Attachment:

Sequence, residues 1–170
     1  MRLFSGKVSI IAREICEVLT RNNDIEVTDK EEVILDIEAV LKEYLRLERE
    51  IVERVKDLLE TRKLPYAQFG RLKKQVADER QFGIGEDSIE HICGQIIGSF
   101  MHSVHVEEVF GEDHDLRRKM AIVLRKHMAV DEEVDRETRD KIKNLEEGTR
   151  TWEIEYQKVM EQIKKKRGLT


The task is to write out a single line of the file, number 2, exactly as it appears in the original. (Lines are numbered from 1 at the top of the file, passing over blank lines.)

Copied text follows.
     1  MRLFSGKVSI IAREICEVLT RNNDIEVTDK EEVILDIEAV LKEYLRLERE